Category Archives: malnutrition

5 Organizations to Support During South Sudan’s Famine

In February the United Nations officially declared a famine in South Sudan. What is most disheartening about this most recent famine in the world’s youngest country is it’s largely man-made. Constant infighting among South Sudanese opposition forces and the government makes growing crops nearly impossible. And, the instability in the country continues to drive up food costs. 100,000 people are directly suffering from famine, and another 4.9 million are living in extremely food insecure situations according to the United Nations. One million children in South Sudan are malnourished.

In April, Congress unanimously called upon the Unites States Agency for International Development (USAID)  in partnership with the World Food Program to continue food aid to the millions affected by the famine. Congress, however, did not appropriate new relief funding to the region keeping in step with the Trump administration’s continued cuts in foreign aid.

The Director-General of the UN Food and Agriculture Organization (FAO) said last week that if nothing is done, 20 million people could starve to death within the next six months in Yemen, South Sudan, Somalia, and northern Nigeria combined.

“Famine does not just kill people, it contributes to social instability and also perpetuates a cycle of poverty and aid dependency that endures for decades,” said the UN FAO Director-General Jose Graziano da Silva.

While the problem is monumental there has been a budget put aside for famine relief by the international aid community. Governments will also have to do their part to help stabilize the region including the United States, even though the task of some in Congress to attach new funding to the cause seems well-intentioned, but probably a pipe dream for now.  There are organizations that you can support with your own donations to support famine relief.

There are organizations that you can support with your own donations. Here are five I recommend because I have seen their work in the field and have always remained impressed by their infrastructure and aid relief. Links go directly to donation pages.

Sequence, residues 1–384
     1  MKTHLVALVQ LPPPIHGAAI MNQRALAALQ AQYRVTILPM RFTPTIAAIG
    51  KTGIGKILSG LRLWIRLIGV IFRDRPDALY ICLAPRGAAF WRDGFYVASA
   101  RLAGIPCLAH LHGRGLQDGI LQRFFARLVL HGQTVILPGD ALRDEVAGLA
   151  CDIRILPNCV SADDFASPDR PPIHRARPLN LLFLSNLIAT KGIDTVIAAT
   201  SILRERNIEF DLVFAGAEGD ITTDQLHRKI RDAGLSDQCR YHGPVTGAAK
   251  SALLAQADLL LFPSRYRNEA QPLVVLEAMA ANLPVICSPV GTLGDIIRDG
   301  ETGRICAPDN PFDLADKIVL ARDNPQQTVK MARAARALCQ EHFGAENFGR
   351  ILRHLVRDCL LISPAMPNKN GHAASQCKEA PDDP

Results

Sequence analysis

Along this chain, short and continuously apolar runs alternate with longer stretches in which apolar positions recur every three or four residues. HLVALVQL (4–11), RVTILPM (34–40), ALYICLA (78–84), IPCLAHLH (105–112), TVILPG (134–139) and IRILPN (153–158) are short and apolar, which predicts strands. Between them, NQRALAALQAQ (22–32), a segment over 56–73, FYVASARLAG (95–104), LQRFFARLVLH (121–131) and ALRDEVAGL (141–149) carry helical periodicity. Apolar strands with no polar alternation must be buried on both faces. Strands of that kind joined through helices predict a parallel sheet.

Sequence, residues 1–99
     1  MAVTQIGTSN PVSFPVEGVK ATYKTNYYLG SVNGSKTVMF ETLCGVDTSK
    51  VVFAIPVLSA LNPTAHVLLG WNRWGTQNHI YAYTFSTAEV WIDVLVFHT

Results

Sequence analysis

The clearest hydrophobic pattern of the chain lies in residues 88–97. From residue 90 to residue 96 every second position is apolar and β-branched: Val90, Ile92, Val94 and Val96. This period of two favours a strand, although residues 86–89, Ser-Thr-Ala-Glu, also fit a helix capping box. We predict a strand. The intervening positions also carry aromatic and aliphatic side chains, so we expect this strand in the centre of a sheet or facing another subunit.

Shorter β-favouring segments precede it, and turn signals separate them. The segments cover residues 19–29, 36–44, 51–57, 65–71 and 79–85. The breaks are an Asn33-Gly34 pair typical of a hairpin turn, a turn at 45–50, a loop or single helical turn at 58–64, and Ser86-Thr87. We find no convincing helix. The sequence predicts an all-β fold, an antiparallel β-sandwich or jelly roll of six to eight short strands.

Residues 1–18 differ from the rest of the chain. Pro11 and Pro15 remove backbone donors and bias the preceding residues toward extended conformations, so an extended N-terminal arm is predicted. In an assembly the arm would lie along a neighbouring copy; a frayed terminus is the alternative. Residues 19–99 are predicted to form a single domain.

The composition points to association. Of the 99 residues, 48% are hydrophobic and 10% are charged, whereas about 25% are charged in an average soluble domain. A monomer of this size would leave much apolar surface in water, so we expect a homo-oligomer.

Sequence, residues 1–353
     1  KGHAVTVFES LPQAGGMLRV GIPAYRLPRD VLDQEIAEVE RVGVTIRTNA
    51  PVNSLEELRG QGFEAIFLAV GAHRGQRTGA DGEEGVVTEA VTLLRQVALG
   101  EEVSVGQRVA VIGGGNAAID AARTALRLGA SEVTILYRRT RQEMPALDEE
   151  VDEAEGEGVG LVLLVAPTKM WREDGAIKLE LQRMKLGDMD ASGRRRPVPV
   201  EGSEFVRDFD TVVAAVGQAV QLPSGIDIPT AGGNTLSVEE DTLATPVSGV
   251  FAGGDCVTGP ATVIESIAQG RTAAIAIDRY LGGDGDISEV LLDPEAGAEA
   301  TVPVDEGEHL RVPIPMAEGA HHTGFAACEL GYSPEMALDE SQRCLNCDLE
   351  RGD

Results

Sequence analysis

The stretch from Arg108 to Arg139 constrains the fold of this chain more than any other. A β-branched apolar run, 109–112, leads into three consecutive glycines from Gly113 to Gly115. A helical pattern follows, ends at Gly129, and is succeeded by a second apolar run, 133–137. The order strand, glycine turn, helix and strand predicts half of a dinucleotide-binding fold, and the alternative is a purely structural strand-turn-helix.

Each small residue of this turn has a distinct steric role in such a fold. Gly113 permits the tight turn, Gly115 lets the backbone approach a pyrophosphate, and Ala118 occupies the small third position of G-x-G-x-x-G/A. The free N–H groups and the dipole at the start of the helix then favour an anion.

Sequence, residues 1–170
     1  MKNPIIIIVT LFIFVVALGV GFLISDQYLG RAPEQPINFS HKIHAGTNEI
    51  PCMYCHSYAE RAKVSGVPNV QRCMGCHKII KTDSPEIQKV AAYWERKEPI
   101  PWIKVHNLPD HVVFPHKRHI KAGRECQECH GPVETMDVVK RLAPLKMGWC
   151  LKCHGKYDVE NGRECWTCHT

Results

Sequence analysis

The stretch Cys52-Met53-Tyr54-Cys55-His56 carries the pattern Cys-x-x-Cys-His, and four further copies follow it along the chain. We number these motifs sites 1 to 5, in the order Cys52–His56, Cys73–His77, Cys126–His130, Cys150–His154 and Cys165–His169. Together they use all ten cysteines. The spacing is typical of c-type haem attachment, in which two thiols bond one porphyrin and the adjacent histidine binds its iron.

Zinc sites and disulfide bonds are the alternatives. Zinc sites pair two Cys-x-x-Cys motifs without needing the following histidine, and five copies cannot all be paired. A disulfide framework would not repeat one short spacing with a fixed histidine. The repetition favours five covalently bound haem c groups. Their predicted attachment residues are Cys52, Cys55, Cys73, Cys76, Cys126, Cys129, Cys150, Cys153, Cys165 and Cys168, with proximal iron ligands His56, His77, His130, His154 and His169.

1. Save the Children
  2. Oxfam America
  3. World Vision USA
  4. World Food Program
  5. UNICEF USA

UN Photo/Nektarios Markogiannis

Maternal Malnutrition Affects Future Generations: Kenya Must Break the Cycle

By Elizabeth Echoka, Kenya Medical Research Institute and Lydia Kaduka, Kenya Medical Research Institute

Nutrition of women before and during pregnancy and when breastfeeding is critical in determining the health and survival of the mother and of her unborn baby.

Undernourished pregnant women have higher reproductive risks. They are more likely to experience obstructed labour, or to die during or after childbirth. Poor nutrition in pregnancy also results in babies growing poorly in the womb and being born underweight and susceptible to diseases. These mothers also invariably produce low quality breast milk.

Maternal malnutrition has inter-generational consequences because it is cyclical. Poor nutrition in pregnancy is linked to undernourishment in-utero which results in low birth weight, pre-maturity, and low nutrient stores in infants. These babies end up stunted and, in turn, give birth to low birth weight babies. Optimal maternal nutrition is therefore vital to break this inter-generational cycle.

In Kenya, women’s nutritional needs during pregnancy has not received much attention. This has exposed a gap in efforts to improve maternal and child health.

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What’s Driving sub-Saharan Africa’s Malnutrition Problem?

Jane Battersby, University of Cape Town

Sub-Saharan Africa has the highest level of food insecurity in the world. An estimated 220 million people lack adequate nutrition. The nature of the problem is shifting rapidly, with overweight status and obesity emerging as new forms of food insecurity while malnutrition persists. But continental policy responses do not address this changing reality.

Food insecurity is the outcome of being too poor to grow or buy food. But it’s not just any food. According to the United Nations’ Food and Agriculture Organisation’s definition, people need:

… sufficient, safe, nutritious food to maintain a healthy and active life.

Current policy focuses on alleviating undernutrition through increased production and access to food. It does not focus on the systemic issues that inform the food choices people make. This may result in worsening food insecurity in the region.

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Malnutrition, stunting and the importance of a child’s first 1000 days

Rihlat Said Mohamed, University of the Witwatersrand

The first 1000 days of a child’s life – from the time they are conceived until they turn two – is an important period for the development of both the fetus and the infant. It sets up the foundation for the child’s growth, brain development and general health.

Poor fetal growth during pregnancy results in children being born with a lower birth weight and a greater tendency to be stunted. Stunting is the failure to grow optimally and is first picked up in children who are shorter for their age group when they are two.

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